10. Jul 10, 2003 #9


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    the three rivers are the delta branches of the Vermillion River?

    Acceleration comes into another calculation, where one examines the change in H over time.

    Derivative with respect to time ... (Is H0 a function of time...?)

    not exactly. H(t) is a function of time. The present value H(present) is written with a subscript zero H0.

    In cosmology there are two popular meanings of the "time-zero".
    Often t = 0 means the present moment. But also t = 0 can sometimes be the big bang time.


    If one is only looking at H0 then it only describes the intantaneous rate of expansion of space at this present moment, and there is no acceleration to be concerned with.

    ... but parsec IS time. When I draw Hubble's graph, replacing parsec by time, I got a slope corresponding to deceleration! No? Recessing speed decreases as time go by, at the rate of 6.8E-10 m/s2

    Alas, unfortunately parsec IS NOT time! It is an antiquated measure of distance that derives from the miniscule angle
    the "second of arc" that is 1/3600 of a degree.

    "Parsec" is an abbreviation of "parallax second" and it refers to
    the distance 3.086E+16 meters, at which a star will appear to
    shift in the sky by 1/3600 of a degree of angle if one changes one's viewpoint by one Astronomical Unit.

    In my modest opinion the "parsec" unit is an atrocity and its usage should be punishable by a short term in prison. But the conservatism of astronomers, which they learn from the eternal heaven itself, is almost infinite and they are never able to give up such old-fashion terminology. It is the same with their words for the "magnitude" of stars----the scale goes back to a greek named Eudoxus and it is backwards: dim stars have large magnitude.

    As you have said concerning the three rivers, things are not always as they appear at first sight.
  11. Jul 10, 2003 #10
    Interesting topic ..

    I think the Hubble Relation is kind of a dubious figure .. as Marcus pointed out, you cancel out all the like measurement terms, and you come up with "per second". What?? per second!

    I also think it can only mean anything if the two different terms in it have totally independent measurement. Now, that's the idea, you measure the distance by one method, and then assume the redshift is correctly defined by what we think is cosmological expansion, and use that for recession speed. And that's what they try to do, but the standard candles they use for distance only go out so far. Then, they try to scale that back to redshift, to calibrate that and use that for a distance measurement too. So, at the far reaches of the Universe, where the Hubble Relation really shows itself, and kicks in without regard to gravitational flows, they wind up using:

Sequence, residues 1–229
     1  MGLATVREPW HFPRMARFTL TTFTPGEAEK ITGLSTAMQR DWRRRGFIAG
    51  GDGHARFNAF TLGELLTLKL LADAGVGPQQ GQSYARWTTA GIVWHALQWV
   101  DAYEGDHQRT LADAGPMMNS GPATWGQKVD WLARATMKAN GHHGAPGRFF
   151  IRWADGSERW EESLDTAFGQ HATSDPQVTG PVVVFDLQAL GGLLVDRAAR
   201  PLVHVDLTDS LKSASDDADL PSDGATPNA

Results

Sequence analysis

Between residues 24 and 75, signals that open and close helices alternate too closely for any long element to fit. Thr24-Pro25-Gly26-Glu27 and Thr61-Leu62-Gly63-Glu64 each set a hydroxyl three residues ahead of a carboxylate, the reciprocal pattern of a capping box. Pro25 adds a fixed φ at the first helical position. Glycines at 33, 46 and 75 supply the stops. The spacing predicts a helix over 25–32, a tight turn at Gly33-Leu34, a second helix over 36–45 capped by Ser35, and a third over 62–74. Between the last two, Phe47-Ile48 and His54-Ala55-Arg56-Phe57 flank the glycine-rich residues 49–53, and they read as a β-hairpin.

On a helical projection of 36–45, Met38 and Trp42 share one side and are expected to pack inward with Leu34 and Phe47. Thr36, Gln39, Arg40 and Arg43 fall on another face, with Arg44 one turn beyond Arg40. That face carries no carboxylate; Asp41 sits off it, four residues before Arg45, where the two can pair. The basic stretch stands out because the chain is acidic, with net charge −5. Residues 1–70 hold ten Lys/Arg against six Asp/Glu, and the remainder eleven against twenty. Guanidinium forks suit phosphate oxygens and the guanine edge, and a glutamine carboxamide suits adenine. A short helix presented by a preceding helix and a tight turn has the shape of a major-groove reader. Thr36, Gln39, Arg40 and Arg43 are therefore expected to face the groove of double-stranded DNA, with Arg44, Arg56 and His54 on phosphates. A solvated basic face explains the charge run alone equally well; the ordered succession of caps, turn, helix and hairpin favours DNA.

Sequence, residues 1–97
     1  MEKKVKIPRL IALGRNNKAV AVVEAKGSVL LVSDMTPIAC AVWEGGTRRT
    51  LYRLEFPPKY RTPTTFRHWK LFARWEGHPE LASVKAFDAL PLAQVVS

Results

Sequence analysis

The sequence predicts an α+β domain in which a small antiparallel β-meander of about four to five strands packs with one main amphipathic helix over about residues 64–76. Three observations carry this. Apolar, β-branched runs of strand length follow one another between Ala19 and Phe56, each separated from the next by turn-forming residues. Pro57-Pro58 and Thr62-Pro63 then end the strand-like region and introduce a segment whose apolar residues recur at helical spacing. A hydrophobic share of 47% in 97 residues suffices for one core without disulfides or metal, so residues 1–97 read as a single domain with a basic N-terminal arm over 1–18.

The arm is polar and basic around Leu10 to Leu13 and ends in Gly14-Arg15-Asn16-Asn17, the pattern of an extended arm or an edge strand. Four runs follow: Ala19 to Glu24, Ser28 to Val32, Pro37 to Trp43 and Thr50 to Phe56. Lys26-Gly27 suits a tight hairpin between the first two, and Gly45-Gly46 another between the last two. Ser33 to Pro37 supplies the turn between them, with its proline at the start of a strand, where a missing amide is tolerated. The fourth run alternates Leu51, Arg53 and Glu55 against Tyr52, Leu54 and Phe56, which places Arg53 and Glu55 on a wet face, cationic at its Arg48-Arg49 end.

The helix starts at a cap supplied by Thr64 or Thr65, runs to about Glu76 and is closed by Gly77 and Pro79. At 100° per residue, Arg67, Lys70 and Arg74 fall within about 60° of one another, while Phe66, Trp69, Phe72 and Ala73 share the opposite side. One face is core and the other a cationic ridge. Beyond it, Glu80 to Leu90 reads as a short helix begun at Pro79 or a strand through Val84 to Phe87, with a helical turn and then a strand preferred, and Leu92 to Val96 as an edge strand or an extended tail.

HR = redshift/redshift

    And that really makes it dubious, IMO.

    And that brings up an idea I've been batting around, that has some implications here. This might get banished to the "Theory Development" forum, but this is really a question, for anybody, to see if I got my ideas right. Here's the question:

    The galaxies in the Universe are said to be filaments on the edges of vast voids, kind of a frothy or bubble like structure. How that is ascertained I don't know, but probably by the HR (redshift/redshift), which might blow up any usage of my idea. But anyway, say this structure of population of galaxies in the Universe is true. Cosmologist now don't know what put that imprint on the structure, but it smacks to me that this structure is the imprint of quantum fluctuations that Inflation took hold of and expanded to cosmic proportions. That is, the seeds of this filamentary structure and galaxy formation is actually quantum in nature.

    So, Inflation just took uneven distribution of matter/energy in the early Universe, and expanded that to huge proportions, and that's the seeds/filamentary structure we see today. If that is true, there are two things I'm trying to get straight in my mind:

    1) Redshift Quantization -- It appears to me this would be the norm, if you are looking at a slice of the Universe in 1 direction. You would be looking at galaxies/objects that are on the surface of these voids, and (almost) nothing in between these voids. The redshifts, if they are indicative of distance, would be quanticized. You're not going to see a redshift pop in there indicating something at a distance in one of these voids! But, if you would take these same measurements in all directions, the voids of each direction should be at random places, and the combined measurements wouldn't show quantization. I don't know why some cosmologists are fighting Halton Arp, and others, over this redshift quantization .. just say "Yes it's true, but because of this filamentary structure of the Universe on the slice you are looking at. If you look at the Universe as a whole, it is not true." I mean, they ought to embrace this, as it seems to me it would help in their proof that the filamentary structure does exist. Maybe what is holding them back, is knowing that the other proof of filamentary structure is based on a redshift/redshift value, and that is something they don't want to get into?

    2) If this filamentary structure is true, and the theory of Inflation yielded a good enough value for how much it expanded the Universe, we ought to be able (maybe) to use that as an independent measurement of how far across these voids are. We know the upper limit of how big a quantum fluxuation is - it is the Planck length. Then we would know how much Inflation expanded the Universe, so we know the size after Inflation. The difference between that figure and the distance of these voids (statistically) now is due to expansion since inflation, and local gravitational influences since Inflation. On the small scale, local galaxy groups, you can ignore expansion and just concentrate on gravitation. On the intermediate groups, you could use the effects of expansion and gravitation. On the fartherest reaches of the Universe, you could ignore gravitation and concentrate on expansion (since Inflation). Each of these numbers, added to that same value after Inflation, should give the same statistical distance of a void -- the distance would be cross checked 2 ways. And that, with quantization of redshift, should give us distance measurements to the fartherest reaches of the Universe.